Minors don’t have legal decision-making rights. Parents of young people under 18 have full decision-making rights with respect to their child’s education, medical care, financial situation and most personal issues. These decision-making rights automatically transfer to the new adult when they turn 18. This means schools (including high schools and colleges), doctors, banks and the community in general can and have to look directly to the 18-year-old for all decisions, and they will not interact with parents without informed consent or request from the young adult. There are many tools and strategies available to support your young adult’s autonomy and independence while balancing their needs and timetable to continue growing into full adult responsibilities. Decision-making supports and protections can be individualized to fit your family and circumstances, and it is important to consider your needs and learn about options before your child turns 18.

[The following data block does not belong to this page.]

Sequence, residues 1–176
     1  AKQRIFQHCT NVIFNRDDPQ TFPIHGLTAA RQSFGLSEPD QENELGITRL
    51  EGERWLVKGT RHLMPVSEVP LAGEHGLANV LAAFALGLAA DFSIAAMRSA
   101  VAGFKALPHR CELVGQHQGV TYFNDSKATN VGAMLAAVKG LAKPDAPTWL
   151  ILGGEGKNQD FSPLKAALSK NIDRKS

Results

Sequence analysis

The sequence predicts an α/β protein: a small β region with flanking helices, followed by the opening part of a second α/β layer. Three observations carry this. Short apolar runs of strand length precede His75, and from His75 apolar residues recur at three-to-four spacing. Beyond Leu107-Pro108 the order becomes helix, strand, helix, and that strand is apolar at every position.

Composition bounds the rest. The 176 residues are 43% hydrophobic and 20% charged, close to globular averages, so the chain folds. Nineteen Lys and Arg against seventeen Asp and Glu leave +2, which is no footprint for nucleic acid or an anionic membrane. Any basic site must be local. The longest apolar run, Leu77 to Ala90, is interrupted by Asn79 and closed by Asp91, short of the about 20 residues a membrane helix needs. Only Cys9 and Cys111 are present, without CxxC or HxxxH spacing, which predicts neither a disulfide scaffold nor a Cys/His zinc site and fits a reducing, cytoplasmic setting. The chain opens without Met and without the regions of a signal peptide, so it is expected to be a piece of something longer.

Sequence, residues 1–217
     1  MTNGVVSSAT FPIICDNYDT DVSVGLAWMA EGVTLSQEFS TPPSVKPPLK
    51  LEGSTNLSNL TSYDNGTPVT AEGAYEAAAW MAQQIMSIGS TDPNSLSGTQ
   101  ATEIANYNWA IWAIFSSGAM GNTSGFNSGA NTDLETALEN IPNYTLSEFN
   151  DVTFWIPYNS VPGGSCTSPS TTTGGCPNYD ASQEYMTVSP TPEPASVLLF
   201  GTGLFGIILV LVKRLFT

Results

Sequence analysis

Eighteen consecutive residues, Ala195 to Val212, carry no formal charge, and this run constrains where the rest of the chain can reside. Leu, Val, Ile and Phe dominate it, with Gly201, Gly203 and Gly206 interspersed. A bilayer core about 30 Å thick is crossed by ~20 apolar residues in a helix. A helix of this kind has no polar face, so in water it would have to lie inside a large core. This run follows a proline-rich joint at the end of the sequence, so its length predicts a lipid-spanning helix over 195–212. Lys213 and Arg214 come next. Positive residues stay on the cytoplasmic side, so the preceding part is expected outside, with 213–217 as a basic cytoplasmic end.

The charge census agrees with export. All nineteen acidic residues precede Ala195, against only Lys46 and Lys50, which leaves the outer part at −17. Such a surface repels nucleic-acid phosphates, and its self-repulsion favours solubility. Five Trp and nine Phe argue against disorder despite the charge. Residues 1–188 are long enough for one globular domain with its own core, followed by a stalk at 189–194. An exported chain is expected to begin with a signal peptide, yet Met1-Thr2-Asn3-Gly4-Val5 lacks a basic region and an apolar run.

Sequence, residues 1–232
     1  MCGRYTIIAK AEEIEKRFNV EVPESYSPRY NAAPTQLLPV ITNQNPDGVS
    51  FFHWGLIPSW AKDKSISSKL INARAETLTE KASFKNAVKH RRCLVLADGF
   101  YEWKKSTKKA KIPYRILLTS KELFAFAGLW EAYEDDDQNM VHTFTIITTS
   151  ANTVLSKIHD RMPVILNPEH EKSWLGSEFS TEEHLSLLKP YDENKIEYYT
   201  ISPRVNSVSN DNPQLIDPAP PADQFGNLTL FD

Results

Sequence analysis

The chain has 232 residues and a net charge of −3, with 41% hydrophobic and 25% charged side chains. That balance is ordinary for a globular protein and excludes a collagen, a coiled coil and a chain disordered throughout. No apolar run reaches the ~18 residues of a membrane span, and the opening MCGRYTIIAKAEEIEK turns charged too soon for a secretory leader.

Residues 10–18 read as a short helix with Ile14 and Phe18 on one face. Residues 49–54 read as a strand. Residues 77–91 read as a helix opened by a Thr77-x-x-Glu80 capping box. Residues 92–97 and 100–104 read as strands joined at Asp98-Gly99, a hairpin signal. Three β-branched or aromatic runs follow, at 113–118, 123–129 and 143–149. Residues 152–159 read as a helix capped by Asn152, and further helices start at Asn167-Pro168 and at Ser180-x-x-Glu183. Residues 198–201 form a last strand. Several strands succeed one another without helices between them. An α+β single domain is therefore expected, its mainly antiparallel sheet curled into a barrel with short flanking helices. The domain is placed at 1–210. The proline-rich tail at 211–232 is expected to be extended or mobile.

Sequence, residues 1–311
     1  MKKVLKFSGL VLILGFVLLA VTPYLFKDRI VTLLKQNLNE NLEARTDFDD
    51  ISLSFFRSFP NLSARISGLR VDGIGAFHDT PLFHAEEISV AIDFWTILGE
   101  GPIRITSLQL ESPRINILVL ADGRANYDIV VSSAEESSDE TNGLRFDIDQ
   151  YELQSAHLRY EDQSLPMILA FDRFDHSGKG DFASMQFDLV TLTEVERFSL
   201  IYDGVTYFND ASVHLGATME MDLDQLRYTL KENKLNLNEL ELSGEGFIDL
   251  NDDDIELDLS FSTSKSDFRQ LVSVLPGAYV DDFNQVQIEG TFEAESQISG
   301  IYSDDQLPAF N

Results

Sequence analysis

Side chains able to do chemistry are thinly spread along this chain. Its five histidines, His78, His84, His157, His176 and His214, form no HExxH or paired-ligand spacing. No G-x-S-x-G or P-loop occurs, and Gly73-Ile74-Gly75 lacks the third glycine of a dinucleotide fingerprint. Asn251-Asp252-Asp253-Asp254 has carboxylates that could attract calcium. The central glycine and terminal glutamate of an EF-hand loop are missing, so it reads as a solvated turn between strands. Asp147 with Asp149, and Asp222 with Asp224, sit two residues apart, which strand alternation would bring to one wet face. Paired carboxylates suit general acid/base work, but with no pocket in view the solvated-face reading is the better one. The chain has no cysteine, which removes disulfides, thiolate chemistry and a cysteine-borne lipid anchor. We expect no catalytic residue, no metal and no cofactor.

Don’t some special education/504 disputes need to be litigated?

Yes, and… because litigation strains relationships, takes up valuable developmental and educational time for the child, and taxes financial and emotional resources for all adults involved, it is important to weigh the costs against the benefits.